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Mental Health Nursing

Mental Health Nursing

The number of people diagnosed with mental health issues such as depression continues to rise to new highs as the need for medical services to treat them is growing. Fifty-six percent of American adults with mental diseases do not receive treatment for these ailments. New evidence shows a dire lack of treatment among teens, with reports of teenagers committing suicide skyrocketing. The questions asked as to why people are not getting treatments to these problems remain to be asked. There is a stigma around mental illness patients that may hinder them from seeking care a problem that the Mental Health Awareness Month aims to solve. Our healthcare system has yet to treat mental health as comprehensively as it does physical health. There is no such thing as an insurance-covered annual mental health exam for instance, and therapists who do accept insurance are often working twice as hard just to get reimbursed by providers because most medical insurance companies simply do not cover.

Most patients have been through the ringer trying to not only find a therapist who accepts their insurance but is also taking in new clients. Several experts in the field say that there is still hope and saying there are multiple ways to get the care they need without going broke in the process.

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Dr. Adam C. Powell, president of Payer+Provider Syndicate says that people with health insurance should begin their journey to wellness on their health plan’s website. He says health plans may manage their mental health benefits internally or outsource them to a vendor. The health plan will also specify the mental health care providers that are covered, any associated costs, and any benefit limitations. Plans are required to offer comparable coverage for mental and physical healthcare coverage according to the Paul Wellstone and Pete Domenici Mental Health Parity and Addiction Equity Act (MHPAEA). The financial requirements, quantitative treatment limitations, and non-quantitative treatment limitations applied to mental health benefits may not differ from those that are applied to physical health benefits when the MHPAEA applies.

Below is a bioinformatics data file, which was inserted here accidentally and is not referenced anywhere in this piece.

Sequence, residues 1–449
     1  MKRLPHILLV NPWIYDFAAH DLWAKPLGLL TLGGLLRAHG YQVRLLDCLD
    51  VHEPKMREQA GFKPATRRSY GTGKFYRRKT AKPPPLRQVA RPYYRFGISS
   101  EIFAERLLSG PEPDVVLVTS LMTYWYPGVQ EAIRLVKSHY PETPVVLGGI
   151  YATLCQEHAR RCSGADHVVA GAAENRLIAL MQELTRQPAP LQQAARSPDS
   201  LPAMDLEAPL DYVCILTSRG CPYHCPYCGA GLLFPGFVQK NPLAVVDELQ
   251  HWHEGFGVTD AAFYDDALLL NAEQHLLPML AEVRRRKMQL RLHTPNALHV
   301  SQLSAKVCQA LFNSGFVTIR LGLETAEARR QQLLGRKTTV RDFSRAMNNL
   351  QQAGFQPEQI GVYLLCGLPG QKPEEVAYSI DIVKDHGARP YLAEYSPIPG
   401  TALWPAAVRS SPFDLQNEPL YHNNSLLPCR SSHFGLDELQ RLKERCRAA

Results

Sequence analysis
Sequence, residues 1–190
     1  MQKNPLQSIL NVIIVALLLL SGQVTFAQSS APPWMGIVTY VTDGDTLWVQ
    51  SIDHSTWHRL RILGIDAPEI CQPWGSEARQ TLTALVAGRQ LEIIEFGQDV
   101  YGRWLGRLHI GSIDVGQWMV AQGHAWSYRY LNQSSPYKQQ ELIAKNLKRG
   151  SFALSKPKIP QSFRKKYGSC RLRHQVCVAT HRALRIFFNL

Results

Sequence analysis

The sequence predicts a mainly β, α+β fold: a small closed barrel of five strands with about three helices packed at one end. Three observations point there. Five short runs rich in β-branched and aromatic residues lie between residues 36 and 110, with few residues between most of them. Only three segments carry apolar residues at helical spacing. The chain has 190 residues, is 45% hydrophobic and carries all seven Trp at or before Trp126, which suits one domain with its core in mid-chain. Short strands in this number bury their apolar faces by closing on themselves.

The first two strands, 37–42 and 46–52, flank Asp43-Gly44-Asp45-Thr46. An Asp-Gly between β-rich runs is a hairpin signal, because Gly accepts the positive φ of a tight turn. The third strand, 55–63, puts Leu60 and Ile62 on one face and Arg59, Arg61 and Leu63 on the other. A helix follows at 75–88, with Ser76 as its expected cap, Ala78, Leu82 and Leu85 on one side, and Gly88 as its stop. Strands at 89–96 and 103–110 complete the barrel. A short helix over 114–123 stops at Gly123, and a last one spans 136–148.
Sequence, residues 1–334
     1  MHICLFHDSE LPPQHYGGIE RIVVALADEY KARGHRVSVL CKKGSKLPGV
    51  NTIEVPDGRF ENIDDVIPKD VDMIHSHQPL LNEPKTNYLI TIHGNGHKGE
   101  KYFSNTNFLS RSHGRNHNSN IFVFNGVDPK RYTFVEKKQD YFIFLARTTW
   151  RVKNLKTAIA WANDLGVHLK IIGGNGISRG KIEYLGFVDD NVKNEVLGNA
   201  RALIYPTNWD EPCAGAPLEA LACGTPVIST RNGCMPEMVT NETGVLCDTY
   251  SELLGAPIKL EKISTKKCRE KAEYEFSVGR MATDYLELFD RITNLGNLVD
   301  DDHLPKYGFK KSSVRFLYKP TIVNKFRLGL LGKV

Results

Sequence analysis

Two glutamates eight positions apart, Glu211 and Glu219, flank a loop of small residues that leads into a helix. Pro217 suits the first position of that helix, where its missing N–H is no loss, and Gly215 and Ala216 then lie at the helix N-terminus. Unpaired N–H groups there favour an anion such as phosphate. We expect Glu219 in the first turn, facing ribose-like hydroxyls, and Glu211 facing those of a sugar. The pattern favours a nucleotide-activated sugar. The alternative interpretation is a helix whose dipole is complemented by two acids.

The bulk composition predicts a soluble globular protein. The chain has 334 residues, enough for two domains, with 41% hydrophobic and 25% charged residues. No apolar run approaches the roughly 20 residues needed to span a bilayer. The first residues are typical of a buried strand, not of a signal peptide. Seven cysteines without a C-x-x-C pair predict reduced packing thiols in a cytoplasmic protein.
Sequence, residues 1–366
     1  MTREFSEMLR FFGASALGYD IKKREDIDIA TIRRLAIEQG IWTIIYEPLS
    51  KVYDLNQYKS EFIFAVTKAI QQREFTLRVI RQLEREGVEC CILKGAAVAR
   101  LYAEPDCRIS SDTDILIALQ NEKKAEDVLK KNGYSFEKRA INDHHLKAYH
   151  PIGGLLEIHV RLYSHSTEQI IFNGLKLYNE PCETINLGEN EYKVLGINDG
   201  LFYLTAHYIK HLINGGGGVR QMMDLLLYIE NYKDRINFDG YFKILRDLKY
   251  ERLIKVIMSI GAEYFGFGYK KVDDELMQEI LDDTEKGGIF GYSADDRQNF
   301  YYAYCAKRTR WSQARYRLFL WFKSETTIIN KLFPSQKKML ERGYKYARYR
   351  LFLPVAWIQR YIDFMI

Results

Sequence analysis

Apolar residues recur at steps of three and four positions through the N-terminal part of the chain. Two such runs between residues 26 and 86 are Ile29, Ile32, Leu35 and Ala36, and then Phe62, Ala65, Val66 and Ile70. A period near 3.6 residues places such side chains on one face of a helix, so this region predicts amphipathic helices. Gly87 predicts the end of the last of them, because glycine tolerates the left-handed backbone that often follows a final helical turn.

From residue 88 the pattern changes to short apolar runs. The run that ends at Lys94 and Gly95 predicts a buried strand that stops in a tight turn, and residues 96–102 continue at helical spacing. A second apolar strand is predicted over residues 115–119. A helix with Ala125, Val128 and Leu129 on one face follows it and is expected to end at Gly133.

Powell adds that If insurance is not obtainable, one may seek help at a local social services agency, student health center, i.e., if he or she is a student or a Federally Qualified Health Center also known as community-based healthcare centers that are government funded.Sonya Veytsman a Licensed Social Clinical Worker (LCSW) proposes that people should also reach out to the National Alliance on Mental Health (NAMI) as they offer free help 24hrs seven days a week. It is also advised that one should avoid visiting the ER if possible, not only because you'll likely get stuck with a huge bill, but because the ER, in Powell's estimation, is not designed to work with people to improve their mental health over time. He echoes that care should only be sought at an emergency department in the event of an urgent crisis

There are a few numbers of therapists who are taking new clients but not with insurance. Most of the people will be discouraged by their high hourly rates but they will often adjust their fee to match one’s financial resources. Dr. Laura Chackes, the founder of The Center for Mindfulness & CBT in St. Louis, Missouri, tries to ask the patient how much they can afford for the treatment and try their best to make it work. She argues that most of their therapists who do a sliding scale will slide down from $120 to about $60 per session. They also bring interns who say will be able to see patients at even lower rates ranging from $10 to $50 per hour.